Birthday Evolution


When I was young, I hated the attention I received on my birthday. I hated when people would sing me the “birthday song.” I would whimper. I would cry. And, if my weak SMA muscles would have allowed it, I would have slithered into a ball under a table at the first note of the famous tune.

Many people that know me now would be surprised by this. But, it’s very true. If, on my birthday, I could have burrowed into a hole in the ground like El Chapo evading the Federales, I would have done it.

Por supuesto.

Being a small kid with a visible disability, you always get looked at differently. Always. Even as a tiny child, you sense the eyes that follow your every move. The assessing. The wondering.

The what is wrong with that little girl? gaze that becomes so familiar. While it’s not a scary experience, it is an annoying one.

If you’re wondering what that look is actually like, here’s how I would describe it. You know those ASPCA commercials with that mournful Sarah MacLachlan song? The ones with her singing “Angel” as they show a montage of sick and undersized puppies that will die if you don’t donate $15 a month? You know that sad (nearly tearful) look that your face gets when you see that commercial?

That’s the face I’m talking about.

So, yeah… pull it together, dude.

Anyway… when you’re already ‘different’… and used to being recognized by many as ‘different,’ you don’t want any more attention than absolutely necessary. So, your birthday is yet another extra spotlight that shines upon you each October.

I felt this way for many years. I didn’t want the additional fuss, or the attention, that came with that day. I had enough of it already.

But, as I approached my 30th birthday, a birthday that many doctors had predicted that I may never reach, I began to feel very differently about it. It evolved in my mind. It felt like a milestone. An achievement. A mark of a battle that I was winning.

And, suddenly, celebrating my birthday became something that I wanted to do. It was something that I didn’t want to tuck into a drawer and pretend didn’t exist. I wouldn’t be like Rudolph Giuliani ignoring a Congressional subpoena.

I would face it. And enjoy it.

So, now, here I am, years later, on my birthday, proud to be alive and proud to be a part of this world. It’s been a lot of hard work getting here (and I’ve had a lot of help along the way)— but, I did it.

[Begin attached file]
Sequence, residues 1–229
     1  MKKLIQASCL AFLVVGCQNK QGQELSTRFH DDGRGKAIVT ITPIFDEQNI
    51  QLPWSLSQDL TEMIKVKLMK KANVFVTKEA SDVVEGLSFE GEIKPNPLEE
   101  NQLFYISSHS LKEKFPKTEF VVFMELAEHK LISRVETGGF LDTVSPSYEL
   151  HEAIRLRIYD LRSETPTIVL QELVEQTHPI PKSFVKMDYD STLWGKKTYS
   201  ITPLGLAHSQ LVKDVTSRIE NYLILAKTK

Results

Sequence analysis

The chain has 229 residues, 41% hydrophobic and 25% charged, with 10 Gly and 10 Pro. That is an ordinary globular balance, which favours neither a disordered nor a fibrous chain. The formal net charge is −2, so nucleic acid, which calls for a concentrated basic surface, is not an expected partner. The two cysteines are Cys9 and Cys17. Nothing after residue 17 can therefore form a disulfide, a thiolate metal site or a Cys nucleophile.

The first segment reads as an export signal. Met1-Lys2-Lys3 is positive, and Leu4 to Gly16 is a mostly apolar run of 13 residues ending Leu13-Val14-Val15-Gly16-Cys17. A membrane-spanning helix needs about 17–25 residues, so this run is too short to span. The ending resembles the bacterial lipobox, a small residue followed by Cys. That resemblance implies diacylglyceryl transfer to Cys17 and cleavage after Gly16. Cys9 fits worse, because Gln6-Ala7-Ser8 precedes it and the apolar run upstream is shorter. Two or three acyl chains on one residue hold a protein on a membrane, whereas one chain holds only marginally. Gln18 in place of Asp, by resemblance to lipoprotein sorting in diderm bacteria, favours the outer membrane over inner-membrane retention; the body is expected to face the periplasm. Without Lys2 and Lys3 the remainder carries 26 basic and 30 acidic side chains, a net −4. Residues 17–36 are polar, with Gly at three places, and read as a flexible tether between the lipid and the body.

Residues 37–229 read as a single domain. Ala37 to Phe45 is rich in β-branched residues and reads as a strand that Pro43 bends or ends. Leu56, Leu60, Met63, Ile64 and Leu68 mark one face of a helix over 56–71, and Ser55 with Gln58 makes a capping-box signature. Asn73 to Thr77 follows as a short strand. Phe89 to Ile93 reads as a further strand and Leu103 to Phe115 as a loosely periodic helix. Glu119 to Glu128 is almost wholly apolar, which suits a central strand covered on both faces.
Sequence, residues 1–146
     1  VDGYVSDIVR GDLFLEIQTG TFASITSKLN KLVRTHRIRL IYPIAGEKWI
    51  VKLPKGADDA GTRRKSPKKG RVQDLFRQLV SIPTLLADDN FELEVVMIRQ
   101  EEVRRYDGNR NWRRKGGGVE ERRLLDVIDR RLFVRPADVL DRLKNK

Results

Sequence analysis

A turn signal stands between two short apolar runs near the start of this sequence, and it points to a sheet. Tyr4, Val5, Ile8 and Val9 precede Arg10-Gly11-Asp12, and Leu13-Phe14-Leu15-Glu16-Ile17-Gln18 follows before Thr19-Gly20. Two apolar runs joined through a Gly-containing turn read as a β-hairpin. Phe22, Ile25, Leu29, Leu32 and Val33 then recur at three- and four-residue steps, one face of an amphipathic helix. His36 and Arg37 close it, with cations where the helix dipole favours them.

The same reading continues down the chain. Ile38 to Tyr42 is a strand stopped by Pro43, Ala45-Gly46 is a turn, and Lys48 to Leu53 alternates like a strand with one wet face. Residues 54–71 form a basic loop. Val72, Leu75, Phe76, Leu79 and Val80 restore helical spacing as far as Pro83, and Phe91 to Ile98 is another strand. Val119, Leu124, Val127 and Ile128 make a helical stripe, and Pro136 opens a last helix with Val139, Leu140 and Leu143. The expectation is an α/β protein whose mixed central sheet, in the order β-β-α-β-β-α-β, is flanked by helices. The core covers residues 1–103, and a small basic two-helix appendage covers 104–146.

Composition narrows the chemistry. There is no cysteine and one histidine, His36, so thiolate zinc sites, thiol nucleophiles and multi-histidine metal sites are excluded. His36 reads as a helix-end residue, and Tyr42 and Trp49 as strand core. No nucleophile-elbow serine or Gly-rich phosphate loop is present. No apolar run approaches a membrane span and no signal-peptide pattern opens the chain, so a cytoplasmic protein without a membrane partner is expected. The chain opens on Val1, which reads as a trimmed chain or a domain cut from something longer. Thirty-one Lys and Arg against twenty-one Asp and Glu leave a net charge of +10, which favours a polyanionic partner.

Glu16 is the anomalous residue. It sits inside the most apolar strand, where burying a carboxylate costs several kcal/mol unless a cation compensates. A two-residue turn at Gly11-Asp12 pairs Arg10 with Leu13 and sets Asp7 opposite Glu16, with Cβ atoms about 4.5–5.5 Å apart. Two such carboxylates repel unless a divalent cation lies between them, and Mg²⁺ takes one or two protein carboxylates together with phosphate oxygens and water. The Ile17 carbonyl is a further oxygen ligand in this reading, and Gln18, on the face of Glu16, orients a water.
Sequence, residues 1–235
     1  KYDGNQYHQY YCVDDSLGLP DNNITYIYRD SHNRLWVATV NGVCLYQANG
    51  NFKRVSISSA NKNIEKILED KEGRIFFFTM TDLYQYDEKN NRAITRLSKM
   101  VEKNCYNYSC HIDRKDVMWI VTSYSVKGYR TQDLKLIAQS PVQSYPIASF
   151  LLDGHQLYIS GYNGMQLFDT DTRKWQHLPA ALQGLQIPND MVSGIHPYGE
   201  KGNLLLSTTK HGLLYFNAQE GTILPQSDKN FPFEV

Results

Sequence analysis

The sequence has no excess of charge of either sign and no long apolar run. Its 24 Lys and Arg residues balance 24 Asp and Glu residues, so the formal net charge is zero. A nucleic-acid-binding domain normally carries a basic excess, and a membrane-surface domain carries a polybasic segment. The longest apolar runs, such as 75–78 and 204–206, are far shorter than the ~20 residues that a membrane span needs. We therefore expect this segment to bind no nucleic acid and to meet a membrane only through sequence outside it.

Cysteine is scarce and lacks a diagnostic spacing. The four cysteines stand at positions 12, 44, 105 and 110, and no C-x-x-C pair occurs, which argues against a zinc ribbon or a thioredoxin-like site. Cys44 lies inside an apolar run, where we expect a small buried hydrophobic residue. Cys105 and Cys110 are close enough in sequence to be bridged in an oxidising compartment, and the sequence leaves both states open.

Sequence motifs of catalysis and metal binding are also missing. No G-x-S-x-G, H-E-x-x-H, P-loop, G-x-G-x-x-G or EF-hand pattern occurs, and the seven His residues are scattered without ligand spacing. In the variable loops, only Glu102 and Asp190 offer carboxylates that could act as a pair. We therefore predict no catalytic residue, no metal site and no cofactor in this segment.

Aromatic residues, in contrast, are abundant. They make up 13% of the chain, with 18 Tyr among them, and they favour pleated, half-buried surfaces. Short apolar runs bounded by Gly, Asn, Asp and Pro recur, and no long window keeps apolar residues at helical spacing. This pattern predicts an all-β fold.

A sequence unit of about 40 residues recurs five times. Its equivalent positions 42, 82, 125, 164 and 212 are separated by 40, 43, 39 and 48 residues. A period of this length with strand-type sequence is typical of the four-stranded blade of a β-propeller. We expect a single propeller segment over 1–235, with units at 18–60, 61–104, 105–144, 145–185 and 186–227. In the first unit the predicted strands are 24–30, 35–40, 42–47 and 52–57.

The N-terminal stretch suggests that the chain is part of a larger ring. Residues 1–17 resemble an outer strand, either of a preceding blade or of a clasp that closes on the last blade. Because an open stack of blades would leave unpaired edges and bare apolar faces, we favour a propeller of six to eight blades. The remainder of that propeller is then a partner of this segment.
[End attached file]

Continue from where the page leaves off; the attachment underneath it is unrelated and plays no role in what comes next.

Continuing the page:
Happy Birthday to me.


(Yes, that’s a pumpkin spice latte. Duh.)

That October I devoured the entire Harry Potter series


October is my favorite month. I like the windy days, the pumpkin treats and the slightly nauseated feeling you get when you eat all the Halloween candy you bought days before the trick-or-treaters even arrive at your doorstep.

As I flipped my calendar, my mind flashed back to many of the Octobers of my past. While most of the memories were pleasant, there were a couple that I’d like to forget. Like when I was a sophomore at Patterson High and suddenly vomited all over my typewriter in Mr. Pate’s first-period keyboarding class. Luckily, the sound was covered by the clattering of 35 typewriters that never managed to type in unison – despite Mr. Pate’s best efforts. Not only was it totally embarrassing, but I ended up being too sick to attend football homecoming that week – major bummer.

Thankfully, most of my Octobers have been much better than that one. Especially the one back in 2007, when I spent the entire month reading the Harry Potter series from beginning to end.

The seven-book series by J.K. Rowling was published over the course of ten years – beginning in 1997. As each book was released, readers of all ages impatiently pre-ordered their copies online or waited in line at bookstores. It was a publishing juggernaut. The book world hadn’t seen these kinds of bestselling numbers since King James decided to jazz up the Bible in 1611.

I’m a certified bookworm. In elementary school, I was the kid that always won the Reading Award. I don’t mean just sometimes. … I mean all the time. No one could approach my fearsome reading skills. I was a book ninja, a literary Bruce Lee – only not so flexible.

But faced with a phenomenon like Harry Potter, I knew I couldn’t patiently wait for each book. It was an excruciating prospect. Thus, I made a decision. I would wait to begin reading the books until all seven had been published – even if I had to wait years to do it.

In October of 2007, I took the plunge. And it was glorious. For that month, when I wasn’t sleeping or showering, I was reading Harry Potter. I lived it, breathed it – and when I grew sleepy at night, I cursed my eyelids for refusing to stay open. Did Harry fall asleep during his quest to bring down Voldemort? No, he didn’t. But unlike Harry and the rest of the Order of the Phoenix, I’m a damn Muggle. And Muggles need sleep. Blast it, anyway.

When I finished reading the last book, I cried. I’m not sure whether it was out of joy, sadness, or grief for the fact that I would never again be able to read Harry Potter for the first time. But I wouldn’t trade the experience for anything.

If only all Octobers could be so great.